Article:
Christianity asserts that Jesus of Nazareth was a historical person who lived in the space-time continuum. He had a physical body, felt hunger, had full use of His senses, and worked for years as a skilled laborer.

The New Testament also claims that He was eternal God in the flesh, the Savior of the world Whose atoning death and justifying resurrection are the basis of the redemption of all who will trust in Him for forgiveness.

These propositions are striking enough without the other claims being made about Jesus in the political world, which are many. Consider some recent headlines:

Occupy London are true followers of Jesus, even if they despise religion

What Would Jesus Drive?

Best-selling socialist publication of all time remains the Bible

"Jesus was a Communist" - new movie by Matthew Modine,

From Jesus Socialism to Capitalist Christianity,

Marx, Capitalism, and Jesus

What Would Jesus Hack?

Was Jesus an Early Applied Economist?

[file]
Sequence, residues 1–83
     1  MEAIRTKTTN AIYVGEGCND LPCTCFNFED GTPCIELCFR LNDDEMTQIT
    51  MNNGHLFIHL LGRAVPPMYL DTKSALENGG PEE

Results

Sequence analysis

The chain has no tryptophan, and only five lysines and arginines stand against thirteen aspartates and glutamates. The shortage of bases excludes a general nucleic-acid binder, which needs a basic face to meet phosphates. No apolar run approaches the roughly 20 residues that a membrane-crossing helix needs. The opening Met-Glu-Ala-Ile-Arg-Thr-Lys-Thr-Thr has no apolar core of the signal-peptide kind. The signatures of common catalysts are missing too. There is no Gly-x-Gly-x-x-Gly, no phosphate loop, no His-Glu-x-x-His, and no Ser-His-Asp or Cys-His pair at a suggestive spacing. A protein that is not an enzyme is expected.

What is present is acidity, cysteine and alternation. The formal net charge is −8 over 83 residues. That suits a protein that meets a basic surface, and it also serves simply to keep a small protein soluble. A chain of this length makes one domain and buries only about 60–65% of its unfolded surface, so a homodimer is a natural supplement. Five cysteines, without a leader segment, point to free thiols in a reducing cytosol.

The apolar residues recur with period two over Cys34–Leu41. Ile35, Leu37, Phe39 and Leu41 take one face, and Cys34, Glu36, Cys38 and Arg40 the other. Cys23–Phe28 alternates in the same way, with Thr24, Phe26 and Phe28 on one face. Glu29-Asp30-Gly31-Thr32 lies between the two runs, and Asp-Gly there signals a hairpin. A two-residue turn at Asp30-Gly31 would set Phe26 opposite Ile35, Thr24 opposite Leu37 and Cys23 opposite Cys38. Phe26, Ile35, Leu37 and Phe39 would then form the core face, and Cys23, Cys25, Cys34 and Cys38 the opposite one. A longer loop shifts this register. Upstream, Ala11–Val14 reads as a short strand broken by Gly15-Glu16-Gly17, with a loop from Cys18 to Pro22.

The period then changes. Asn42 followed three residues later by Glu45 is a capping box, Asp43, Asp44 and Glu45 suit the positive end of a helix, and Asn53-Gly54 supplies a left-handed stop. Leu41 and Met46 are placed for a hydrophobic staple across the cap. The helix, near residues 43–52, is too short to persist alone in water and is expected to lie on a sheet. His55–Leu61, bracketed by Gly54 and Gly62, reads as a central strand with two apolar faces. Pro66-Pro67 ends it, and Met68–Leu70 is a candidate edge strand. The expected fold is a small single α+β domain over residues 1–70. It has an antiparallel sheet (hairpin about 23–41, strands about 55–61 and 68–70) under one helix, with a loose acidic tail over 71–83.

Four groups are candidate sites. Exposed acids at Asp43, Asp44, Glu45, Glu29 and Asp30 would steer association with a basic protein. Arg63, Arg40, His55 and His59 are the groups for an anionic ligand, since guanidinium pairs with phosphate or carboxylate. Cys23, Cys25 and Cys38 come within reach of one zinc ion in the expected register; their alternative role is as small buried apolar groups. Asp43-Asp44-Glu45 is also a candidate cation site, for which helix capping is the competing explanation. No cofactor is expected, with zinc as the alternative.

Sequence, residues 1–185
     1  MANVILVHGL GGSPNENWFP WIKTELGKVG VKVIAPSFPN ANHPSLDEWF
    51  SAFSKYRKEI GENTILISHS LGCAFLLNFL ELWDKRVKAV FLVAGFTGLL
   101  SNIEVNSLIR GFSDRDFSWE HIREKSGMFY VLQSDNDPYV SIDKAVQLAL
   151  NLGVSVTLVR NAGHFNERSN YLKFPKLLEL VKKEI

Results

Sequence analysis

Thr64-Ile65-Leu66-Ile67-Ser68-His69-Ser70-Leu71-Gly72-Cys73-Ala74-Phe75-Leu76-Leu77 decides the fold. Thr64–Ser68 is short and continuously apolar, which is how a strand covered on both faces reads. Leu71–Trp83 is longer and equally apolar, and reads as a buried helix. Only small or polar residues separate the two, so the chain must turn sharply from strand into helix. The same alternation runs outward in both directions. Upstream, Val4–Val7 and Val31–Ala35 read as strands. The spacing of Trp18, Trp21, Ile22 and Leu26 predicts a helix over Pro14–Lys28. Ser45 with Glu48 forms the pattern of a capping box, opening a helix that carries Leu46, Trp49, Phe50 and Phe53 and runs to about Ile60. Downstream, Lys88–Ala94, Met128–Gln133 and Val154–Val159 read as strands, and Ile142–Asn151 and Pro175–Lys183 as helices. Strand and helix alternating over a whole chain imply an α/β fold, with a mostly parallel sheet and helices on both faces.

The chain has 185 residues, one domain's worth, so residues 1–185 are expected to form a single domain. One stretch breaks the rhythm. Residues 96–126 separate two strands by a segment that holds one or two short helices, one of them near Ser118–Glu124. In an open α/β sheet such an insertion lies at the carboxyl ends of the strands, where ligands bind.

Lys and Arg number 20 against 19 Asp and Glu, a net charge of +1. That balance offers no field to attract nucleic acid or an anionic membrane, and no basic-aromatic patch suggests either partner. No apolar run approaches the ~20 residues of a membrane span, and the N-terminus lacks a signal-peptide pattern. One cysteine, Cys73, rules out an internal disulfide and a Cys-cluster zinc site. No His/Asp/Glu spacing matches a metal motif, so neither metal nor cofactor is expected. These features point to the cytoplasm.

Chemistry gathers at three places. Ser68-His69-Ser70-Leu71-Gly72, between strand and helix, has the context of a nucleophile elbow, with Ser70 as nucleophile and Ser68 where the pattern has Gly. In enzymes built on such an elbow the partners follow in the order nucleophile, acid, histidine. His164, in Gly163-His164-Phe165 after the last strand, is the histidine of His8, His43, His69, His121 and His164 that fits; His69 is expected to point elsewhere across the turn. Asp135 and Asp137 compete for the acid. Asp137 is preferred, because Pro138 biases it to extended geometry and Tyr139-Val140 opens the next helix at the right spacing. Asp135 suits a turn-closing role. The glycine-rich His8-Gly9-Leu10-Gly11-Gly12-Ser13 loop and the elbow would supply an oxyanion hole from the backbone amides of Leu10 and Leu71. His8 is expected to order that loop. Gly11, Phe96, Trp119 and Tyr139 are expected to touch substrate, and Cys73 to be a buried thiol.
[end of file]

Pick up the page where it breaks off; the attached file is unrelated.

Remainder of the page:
For the record: Jesus affirmed the right to own property and encouraged honest labor. Several of the disciples were in a fishing business that included ownership of several boats, indicating that they were appropriately ambitious and hard-working (Luke 5:11).

Also, it is a tribute to Jesus enduring, penetrating, and inescapable power that political philosophers, economists, and even entertainers are so eager to nab Him for their agendas.

However, my point is not to get into a discussion about Jesus and His teachings concerning business, taxes, or economics generally. Rather, it is this: Should we not summon the moral courage to deal with His overt and profound claims before we wander off into asking if He would drive a Prius, or if He would support budget reductions? At what point do such musings become trivial, even irreverent?

It is wholly honorable to consider the implications of living a Christ-filled life in contemporary times. Yet the effort to claim Jesus for an ideological agenda or to capture Him as some kind of pre-Marxian redistributionist is ludicrous in itself, and also keeps us from the main issue: Was He the God-Man, the Lord of all, filled with grace and truth, or, as one writer has put it, just a carpenter gone bad?

Shouldnt we be asking the main questions first? Remember, Jesus never said, Follow Me, and become a socialist. Rather, His question was, Who do you say that I am? (Matthew 16:15).

Whats your answer?